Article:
Sunday’s abrupt announcement that noted film director Hayao Miyazaki, 72, will retire drew quick and widespread public attention, with some paying tribute to the decades-long master of animation while others were in disbelief over his decision.
“Miyazaki has decided that ‘Kaze Tachinu’ (‘The Wind Rises’) will be his last film and he will now retire,” Koji Hoshino, head of Studio Ghibli, co-founded by Miyazaki, told reporters at the Venice film festival Sunday.
“The Wind Rises” features the real-life story of the young aircraft designer Jiro Horikoshi. Set in the 1930s, the film depicts an expansionist Japan as it recovered from the devastating 1923 Kanto Earthquake and marched blindly toward war. Horikoshi designed the famed Mitsubishi A6M “Zero” fighter.
No other animated movie by Miyazaki was ever based on a real person. In what the media speculate as a prelude to his decision, Miyazaki reportedly shed tears for the first time while watching his own film during the “Kaze Tachinu” screening in June.
Miyazaki started his career as an animator in the 1960s before establishing Studio Ghibli Inc. in Koganei in 1985. His most acclaimed works include “Princess Mononoke” in 1997, and “Spirited Away” in 2001, the latter of which earned him an Oscar for the best animated feature. “Spirited Away” generated the highest box office revenue in Japanese history, at about ¥30.4 billion.
The blockbuster won him a Golden Bear award during the 2002 Berlin International Film Festival. Miyazaki later told reporters, in what many saw as a testament to his dedicated professionalism, that he “won’t get carried away by the award,” as his mission solely boils down to “making children happy.”
When contacted by The Japan Times, film critic Ryota Fujitsu described the news of Miyazaki’s retirement as “totally understandable,” given the filmmaker’s unflinching commitment to the grueling task of animation-making over the years. It is believed Miyazaki created most of his works by drawing them.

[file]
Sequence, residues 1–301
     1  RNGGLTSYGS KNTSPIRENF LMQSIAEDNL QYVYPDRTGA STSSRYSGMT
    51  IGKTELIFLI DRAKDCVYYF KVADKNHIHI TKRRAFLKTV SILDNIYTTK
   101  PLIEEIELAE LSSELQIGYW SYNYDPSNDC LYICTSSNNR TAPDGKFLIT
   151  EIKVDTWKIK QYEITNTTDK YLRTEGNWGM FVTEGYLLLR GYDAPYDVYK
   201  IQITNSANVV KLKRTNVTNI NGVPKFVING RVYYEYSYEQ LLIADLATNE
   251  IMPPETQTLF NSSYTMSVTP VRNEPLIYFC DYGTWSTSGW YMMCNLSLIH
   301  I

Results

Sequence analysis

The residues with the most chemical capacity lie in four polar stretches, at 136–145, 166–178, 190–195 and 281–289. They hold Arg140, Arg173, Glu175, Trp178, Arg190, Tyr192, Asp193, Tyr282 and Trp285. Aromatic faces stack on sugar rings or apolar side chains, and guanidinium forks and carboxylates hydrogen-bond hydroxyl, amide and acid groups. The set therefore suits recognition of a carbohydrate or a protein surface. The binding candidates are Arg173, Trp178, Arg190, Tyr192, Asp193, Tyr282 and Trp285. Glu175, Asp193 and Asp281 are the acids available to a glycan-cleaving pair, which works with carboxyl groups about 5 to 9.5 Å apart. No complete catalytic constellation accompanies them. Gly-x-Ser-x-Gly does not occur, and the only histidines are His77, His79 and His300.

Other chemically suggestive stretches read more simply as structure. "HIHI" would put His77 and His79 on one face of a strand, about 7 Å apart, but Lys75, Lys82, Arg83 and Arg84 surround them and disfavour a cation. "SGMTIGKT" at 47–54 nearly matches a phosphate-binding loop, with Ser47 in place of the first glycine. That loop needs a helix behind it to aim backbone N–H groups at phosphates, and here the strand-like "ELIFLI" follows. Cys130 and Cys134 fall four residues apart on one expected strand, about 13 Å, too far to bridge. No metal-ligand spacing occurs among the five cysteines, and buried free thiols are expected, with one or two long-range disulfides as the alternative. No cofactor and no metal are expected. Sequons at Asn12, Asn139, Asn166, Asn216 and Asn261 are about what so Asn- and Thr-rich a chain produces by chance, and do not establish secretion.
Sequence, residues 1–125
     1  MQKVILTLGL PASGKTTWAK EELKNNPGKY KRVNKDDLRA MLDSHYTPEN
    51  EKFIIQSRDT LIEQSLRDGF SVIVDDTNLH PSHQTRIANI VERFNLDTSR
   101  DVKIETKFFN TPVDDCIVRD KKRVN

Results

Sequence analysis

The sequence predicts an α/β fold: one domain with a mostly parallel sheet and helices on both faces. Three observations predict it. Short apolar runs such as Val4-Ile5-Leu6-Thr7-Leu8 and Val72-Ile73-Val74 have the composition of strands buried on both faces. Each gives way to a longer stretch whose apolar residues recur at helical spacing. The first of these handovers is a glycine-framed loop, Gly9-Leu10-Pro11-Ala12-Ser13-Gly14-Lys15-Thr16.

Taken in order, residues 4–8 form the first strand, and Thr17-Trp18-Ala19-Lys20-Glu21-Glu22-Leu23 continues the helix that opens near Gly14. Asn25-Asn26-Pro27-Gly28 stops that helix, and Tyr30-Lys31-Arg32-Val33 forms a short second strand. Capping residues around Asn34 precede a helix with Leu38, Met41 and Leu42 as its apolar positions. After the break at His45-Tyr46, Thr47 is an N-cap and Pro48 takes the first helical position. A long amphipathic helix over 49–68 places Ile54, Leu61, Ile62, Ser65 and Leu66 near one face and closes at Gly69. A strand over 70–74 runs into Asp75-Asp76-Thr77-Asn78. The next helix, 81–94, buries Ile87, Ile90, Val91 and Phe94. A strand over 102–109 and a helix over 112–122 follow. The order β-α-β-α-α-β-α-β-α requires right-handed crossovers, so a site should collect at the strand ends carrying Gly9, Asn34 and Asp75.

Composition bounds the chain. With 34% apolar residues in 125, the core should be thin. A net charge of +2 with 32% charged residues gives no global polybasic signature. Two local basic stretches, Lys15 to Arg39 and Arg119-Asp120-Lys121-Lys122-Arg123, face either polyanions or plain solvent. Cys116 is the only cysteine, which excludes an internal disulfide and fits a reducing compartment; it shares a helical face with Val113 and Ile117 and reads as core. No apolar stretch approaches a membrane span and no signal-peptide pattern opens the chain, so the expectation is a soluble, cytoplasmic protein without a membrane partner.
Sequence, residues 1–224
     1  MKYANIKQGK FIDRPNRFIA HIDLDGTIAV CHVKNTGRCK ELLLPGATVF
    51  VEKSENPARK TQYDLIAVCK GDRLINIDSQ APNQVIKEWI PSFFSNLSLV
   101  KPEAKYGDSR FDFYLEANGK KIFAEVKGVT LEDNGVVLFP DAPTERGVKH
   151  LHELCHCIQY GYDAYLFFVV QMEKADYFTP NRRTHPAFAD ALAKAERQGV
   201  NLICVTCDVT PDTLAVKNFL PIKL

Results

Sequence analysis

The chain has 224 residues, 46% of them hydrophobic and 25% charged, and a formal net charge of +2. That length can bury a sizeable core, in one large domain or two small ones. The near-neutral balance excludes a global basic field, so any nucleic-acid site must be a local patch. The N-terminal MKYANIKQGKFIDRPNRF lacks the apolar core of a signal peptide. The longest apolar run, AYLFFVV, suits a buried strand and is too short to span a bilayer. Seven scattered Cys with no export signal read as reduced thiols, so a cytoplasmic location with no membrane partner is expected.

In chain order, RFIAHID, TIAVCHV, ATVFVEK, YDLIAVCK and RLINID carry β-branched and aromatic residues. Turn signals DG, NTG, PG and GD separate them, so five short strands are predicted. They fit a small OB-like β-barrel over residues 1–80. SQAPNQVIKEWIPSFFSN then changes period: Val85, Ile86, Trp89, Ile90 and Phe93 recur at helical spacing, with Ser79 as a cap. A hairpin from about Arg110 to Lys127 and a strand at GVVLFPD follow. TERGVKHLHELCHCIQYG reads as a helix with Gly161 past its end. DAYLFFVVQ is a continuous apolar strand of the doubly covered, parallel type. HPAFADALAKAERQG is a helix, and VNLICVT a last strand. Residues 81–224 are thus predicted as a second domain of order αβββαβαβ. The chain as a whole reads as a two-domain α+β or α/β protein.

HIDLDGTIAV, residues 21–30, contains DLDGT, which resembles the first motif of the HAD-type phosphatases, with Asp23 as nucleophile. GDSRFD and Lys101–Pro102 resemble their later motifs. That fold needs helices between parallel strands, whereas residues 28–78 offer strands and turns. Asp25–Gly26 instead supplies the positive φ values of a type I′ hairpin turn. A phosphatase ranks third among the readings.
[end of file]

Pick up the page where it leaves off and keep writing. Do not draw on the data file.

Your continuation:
Of all the anime makers in Japan, Miyazaki is perhaps one of the most fastidious, Fujitsu said, citing his determined involvement in illustration tasks even after finishing the storyboards. Once done with the storyboards, most directors leave subsequent illustration procedures to animators. But in Miyazaki’s case, he “not only scrutinized their work, but also corrected them, and even drew on his own,” Fujitsu said. “Few worldwide have actually managed to direct feature-length animated movies as long as Miyazaki did.That’s quite something.”
Asked about the possible impact of Miyazaki’s exit, Fujitsu said his retirement risks dealing a huge financial blow to the Japanese film industry, which observes “a slight rise in annual box office revenues whenever new Ghibli animations are released.”
“So that means significant public attention is now on how Ghibli Studio members will do their job without Miyazaki.”
U.S.-based film critic Tomohiro Machiyama said he highly doubts Miyazaki will actually retire, noting his official announcement isn’t until Friday, when he will give an official press conference.
Machiyama said “The Wind Rises” is full of new tacks by Miyazaki, including depictions of lovemaking and other “everyday-life” scenes, and signals a surprising break from the master’s previous fantasy-oriented style.
“I don’t think a person who just started to experiment with new things would retire just like that. Nobody tries their first things in their last works,” he said, adding Miyazaki “probably just blurted out he wanted to retire because he was tired.” Machiyama said Miyazaki might stay on as general manager.
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